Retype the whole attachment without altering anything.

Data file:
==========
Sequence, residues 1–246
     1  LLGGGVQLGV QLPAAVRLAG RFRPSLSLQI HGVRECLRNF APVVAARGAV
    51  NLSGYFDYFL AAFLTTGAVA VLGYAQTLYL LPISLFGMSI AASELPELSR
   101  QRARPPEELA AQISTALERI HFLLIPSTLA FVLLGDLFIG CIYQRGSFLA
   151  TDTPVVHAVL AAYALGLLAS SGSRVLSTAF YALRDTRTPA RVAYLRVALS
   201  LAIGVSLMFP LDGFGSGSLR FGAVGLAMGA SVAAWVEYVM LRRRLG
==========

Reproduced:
Sequence, residues 1–246
     1  LLGGGVQLGV QLPAAVRLAG RFRPSLSLQI HGVRECLRNF APVVAARGAV
    51  NLSGYFDYFL AAFLTTGAVA VLGYAQTLYL LPISLFGMSI AASELPELSR
   101  QRARPPEELA AQISTALERI HFLLIPSTLA FVLLGDLFIG CIYQRGSFLA
   151  TDTPVVHAVL AAYALGLLAS SGSRVLSTAF YALRDTRTPA RVAYLRVALS
   201  LAIGVSLMFP LDGFGSGSLR FGAVGLAMGA SVAAWVEYVM LRRRLG